“I don’t think we’re going to have record temperatures continue every day or every week through the summer. But I think what this suggests is that the conditions will be favorable to see at least rounds of well-above-normal temperatures at times through the summer,” Marc Chenard, a meteorologist with the NWS, previously told Insider.
The sun sets behind power transmission lines in Texas, on July 11, 2022.
Nick Wagner/Xinhua via Getty Images
Indeed, this week’s temperatures come on the heels of an exceptionally hot June. Before summer even began, heat had shattered daily temperature records across the country, forced school closures, cost at least three human lives, and killed more than 2,000 cattle. The June heat wave, too, was remarkable for how long it lasted and how far it spread.
The US isn’t alone in its heat-wave plague.
Extreme heat has battered the planet all summer
Surface air temperatures across the planet on July 13, 2022, ranging from less than 0 degrees Celsius (dark blue) to greater than 45 degrees Celsius (black).
Joshua Stevens/GEOS-5/NASA GSFC/VIIRS/Suomi National Polar-orbiting Partnership
Europe and China are also experiencing their own record-breaking heat waves — again. Just like North America, those regions suffered through a sweltering June of record-high temperatures. North Africa, the Middle East, and other parts of Asia are facing record heat, too.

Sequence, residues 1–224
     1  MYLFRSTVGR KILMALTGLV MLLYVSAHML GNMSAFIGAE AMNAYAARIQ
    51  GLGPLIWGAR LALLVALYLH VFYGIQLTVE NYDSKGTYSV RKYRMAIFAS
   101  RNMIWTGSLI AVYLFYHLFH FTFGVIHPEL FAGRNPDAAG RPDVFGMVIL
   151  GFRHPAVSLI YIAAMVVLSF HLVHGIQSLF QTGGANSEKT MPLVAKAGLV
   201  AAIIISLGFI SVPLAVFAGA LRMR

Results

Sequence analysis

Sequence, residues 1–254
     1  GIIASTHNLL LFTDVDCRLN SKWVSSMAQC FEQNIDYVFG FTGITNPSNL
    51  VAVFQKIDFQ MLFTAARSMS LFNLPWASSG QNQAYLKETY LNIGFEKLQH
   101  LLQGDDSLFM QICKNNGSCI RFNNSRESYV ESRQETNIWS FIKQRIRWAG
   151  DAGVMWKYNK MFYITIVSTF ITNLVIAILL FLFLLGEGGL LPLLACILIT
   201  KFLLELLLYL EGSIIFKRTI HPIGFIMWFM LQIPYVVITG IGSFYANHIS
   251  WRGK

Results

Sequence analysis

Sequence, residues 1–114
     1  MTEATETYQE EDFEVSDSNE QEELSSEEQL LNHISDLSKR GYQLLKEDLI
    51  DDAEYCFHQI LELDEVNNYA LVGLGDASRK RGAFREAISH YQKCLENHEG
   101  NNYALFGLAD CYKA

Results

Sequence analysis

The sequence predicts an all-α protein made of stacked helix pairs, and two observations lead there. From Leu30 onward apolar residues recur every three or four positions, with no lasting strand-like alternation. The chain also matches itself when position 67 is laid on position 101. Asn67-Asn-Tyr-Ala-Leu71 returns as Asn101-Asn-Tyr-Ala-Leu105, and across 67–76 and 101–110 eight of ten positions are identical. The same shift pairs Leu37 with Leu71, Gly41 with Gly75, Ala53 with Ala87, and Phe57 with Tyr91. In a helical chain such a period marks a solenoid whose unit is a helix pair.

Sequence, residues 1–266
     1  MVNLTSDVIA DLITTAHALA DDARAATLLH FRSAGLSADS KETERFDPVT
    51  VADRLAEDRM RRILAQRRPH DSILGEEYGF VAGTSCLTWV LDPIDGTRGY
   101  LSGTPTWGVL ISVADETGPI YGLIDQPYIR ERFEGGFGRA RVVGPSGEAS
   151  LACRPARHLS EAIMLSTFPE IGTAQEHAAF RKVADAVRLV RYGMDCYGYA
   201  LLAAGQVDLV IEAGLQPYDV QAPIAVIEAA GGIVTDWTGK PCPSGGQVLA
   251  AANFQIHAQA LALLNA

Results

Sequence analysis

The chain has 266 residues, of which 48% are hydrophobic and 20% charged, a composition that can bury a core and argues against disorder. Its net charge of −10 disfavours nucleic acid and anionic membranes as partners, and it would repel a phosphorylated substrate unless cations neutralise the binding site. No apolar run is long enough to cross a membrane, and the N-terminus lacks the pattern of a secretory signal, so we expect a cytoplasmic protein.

“This large area of extreme (and record breaking) heat is another clear indicator that emissions of greenhouse gases by human activity are causing weather extremes that impact our living conditions,” Steven Pawson, chief of NASA’s Global Modeling and Assimilation Office, said in a statement.
As the high-pressure systems that trap heat rolled in and baked the land, fires also broke out in Spain, Portugal, Morocco, and Tunisia.
A firefighter attempts to put out a wildfire caused by extreme temperatures in Larache, northern Morocco, on July 15, 2022.
In Italy, the heat helped trigger the collapse of a portion of a glacier in the Dolomite mountains, leading to a glacier avalanche that killed 11 hikers. Spain’s Health Ministry said the heat there has killed 84 people already in July, following a staggering 700 heat-related deaths in June.
The site of a glacier collapse, photographed from a rescue helicopter in the Alps in northern Italy, on July 5, 2022
Luca Bruno/AP Photo
On Friday, the UK declared a national extreme-heat warning for the first time ever, in anticipation of temperatures exceeding 104 degrees Fahrenheit next week.
AccuWeather meteorologists warned on Wednesday that this could become Europe’s worst heat wave in 200 years. It could last through the end of the month.
Residents cover up from the sun with umbrellas as they wait for a bus in Beijing, on July 15, 2022.
Ng Han Guan/AP Photo
In China, the heat accompanied deadly floods, another extreme weather event that is becoming more common and more severe in many parts of the world as the climate changes.
In June, Japan experienced its worst heat wave on record. India and Pakistan suffered a 100-day heat wave earlier this year.
In the Northern Hemisphere, there are still two months left of summer.